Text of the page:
seeing stars

When I reached up to help Calvin descend the steps of the bus yesterday, I knew—his foamy drool an omen of things to come. It was a full-moon day, and Calvin was no doubt on his way to having his next grand mal, something he suffers with too much regularity, about every seven days or so. The daily journal I keep was crowded with scribbly ink stars, one preceding every harbinger—restless night, stomping, not drinking, refusing food, red dots on nose and cheeks, rashy chin, bad butt rash, foamy drool, pacing, sun searching and staring, unusual vocalizations, stubbornness, agitation, not pooping even with use of a suppository, warm skin, "crab claw" fingering, which means his crooked arms are up in front of his face while he snaps and rubs his fingers together wildly.

The seizure finally arrived at 4:50 a.m. It was typical, his body's convulsions lasting about ninety seconds or so. I dabbed lavender oil on the pillow under his nose and rubbed some on his feet and big toes while Michael caressed him and spoke to him lovingly, coaching him out of the fit. When it was over, I gave Calvin a dose of THCA cannabis oil to prevent a subsequent seizure from happening. He fell asleep and woke forty-five minutes later rubbing his head in his hands, so I gave him his Keppra and an ibuprofen in case he had a headache.

He hasn't gotten back to normal yet—whatever that means, because our kid is far from normal—so I've kept him home from school again. Today was Calvin's seventh grand mal in a month's time. Had it happened yesterday it would have been his eighth. Had it not been for the fact that he suffered three grand mals within sixteen hours last week, he might have gotten through this calendar month with only five grand mals and two partial complex ones. Still, if he can get to Friday without having any more seizures, he'll tie last month for the fewest since January: nine (too many). The good news is that he is having very few partial seizures. The bad news is that it almost appears as if some of his partial seizures are manifesting as grand mals.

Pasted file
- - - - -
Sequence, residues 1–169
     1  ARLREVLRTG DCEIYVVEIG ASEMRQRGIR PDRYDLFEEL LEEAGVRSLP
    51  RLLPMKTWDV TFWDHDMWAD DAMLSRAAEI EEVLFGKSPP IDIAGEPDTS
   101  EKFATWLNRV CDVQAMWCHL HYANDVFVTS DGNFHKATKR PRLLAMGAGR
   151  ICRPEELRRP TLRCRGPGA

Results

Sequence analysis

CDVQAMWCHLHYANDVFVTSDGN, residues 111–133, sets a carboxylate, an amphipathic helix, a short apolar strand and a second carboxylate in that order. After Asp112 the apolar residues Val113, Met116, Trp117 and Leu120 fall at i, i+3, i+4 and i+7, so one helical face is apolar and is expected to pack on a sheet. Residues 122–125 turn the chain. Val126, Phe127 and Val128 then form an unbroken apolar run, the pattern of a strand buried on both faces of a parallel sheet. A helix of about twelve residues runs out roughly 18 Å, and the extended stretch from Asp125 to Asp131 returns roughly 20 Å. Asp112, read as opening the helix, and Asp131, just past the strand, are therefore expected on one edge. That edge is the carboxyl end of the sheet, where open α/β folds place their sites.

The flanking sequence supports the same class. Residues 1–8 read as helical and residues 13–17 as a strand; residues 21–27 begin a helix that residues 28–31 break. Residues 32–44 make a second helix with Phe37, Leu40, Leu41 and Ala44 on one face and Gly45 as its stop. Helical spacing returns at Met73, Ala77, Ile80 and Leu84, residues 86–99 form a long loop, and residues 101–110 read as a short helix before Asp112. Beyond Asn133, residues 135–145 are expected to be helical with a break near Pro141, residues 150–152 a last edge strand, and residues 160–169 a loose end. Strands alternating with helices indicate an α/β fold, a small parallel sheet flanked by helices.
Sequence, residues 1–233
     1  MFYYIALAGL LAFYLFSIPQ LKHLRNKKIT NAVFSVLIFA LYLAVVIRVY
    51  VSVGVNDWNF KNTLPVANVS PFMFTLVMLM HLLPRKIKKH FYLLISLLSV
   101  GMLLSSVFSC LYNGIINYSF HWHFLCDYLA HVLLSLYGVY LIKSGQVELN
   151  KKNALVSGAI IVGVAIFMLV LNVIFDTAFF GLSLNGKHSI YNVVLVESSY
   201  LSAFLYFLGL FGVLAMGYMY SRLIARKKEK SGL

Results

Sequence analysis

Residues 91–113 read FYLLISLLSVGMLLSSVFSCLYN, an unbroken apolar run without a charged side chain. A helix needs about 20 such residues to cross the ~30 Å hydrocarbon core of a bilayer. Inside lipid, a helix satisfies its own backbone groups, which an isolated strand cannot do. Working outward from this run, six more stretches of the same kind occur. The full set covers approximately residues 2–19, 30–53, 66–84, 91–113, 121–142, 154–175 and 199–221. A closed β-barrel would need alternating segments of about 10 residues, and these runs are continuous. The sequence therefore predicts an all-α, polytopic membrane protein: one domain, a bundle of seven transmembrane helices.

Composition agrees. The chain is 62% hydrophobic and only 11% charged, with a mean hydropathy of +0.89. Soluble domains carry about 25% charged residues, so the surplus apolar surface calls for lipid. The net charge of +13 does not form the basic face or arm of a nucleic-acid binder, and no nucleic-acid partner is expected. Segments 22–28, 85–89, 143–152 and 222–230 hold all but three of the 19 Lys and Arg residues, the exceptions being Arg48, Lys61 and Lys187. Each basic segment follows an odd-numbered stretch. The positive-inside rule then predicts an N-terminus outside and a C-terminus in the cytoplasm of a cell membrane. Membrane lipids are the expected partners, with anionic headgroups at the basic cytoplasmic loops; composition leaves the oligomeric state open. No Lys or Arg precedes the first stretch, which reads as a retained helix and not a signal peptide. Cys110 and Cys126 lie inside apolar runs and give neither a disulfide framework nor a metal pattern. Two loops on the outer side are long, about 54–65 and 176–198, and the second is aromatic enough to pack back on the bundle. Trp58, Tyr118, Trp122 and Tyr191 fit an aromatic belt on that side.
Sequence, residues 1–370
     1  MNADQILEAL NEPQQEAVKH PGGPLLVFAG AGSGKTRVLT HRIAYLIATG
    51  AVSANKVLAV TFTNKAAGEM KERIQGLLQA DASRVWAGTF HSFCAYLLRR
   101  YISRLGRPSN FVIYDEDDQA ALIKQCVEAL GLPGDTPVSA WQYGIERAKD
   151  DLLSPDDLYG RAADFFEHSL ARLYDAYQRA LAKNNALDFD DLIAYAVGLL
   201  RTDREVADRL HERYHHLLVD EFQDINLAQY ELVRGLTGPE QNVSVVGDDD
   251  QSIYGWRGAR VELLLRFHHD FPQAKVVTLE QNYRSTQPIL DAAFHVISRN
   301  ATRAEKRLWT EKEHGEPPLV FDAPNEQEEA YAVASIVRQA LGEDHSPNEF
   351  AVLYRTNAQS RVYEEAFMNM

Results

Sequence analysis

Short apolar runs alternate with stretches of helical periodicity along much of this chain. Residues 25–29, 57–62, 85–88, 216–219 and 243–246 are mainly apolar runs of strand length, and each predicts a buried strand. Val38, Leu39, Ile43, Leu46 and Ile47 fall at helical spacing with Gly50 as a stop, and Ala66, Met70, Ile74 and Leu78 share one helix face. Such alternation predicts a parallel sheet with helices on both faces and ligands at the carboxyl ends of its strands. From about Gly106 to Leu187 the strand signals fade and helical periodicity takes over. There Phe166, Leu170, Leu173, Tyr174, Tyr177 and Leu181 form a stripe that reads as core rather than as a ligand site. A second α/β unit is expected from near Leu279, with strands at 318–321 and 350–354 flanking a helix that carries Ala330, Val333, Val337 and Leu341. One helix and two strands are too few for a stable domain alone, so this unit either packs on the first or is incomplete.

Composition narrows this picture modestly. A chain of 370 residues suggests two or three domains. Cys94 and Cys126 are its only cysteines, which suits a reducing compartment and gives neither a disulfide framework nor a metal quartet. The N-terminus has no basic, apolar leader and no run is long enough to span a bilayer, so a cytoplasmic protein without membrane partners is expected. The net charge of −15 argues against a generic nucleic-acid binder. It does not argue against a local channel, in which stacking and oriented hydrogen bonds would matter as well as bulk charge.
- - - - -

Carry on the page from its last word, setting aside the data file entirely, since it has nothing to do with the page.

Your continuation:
Last night after we put Calvin to bed, he remained restless, which is typical the night or two before a seizure. The temperature was still in the low-eighties, an unusually hot day for May in Maine, and the house was warm so we put Calvin to bed wearing just a t-shirt and diaper. When Michael went back upstairs to lay him down again (Calvin had sat up and was banging his head against the bed panel) he covered only Calvin's legs thinking he might be too warm. Then Calvin did something we've never seen him do before: he reached down, grabbed his comforter and pulled it up, covering himself. Michael said the act was no doubt deliberate.

While I relish hearing and knowing that Calvin is still progressing—albeit so slowly as to be nearly imperceptible—I'm haunted by the reliability of his seizures and their vicious cycle. I wish I knew, for example, if his rash is truly a symptom of an impending seizure, or if rash and its source is the cause. I feel like if I knew what was causing these weekly flareups then perhaps I could figure out how to thwart them.

I'm hoping to try Calvin on a CBDA oil soon. If that doesn't work, I may try making a CBDA/THCA oil using a strain called Harlequin. Not sure what else to do. Right now, he's showing many of the same harbingers as yesterday. I can smell his seizure breath. He's poking his eye and is uber restless. Again, I'm seeing stars.


  1. Your methodical attention to details boggles my boggled mind even further. Perhaps this is why I'm so much more impatient and insane than you: I have it all in my head, with nowhere to go.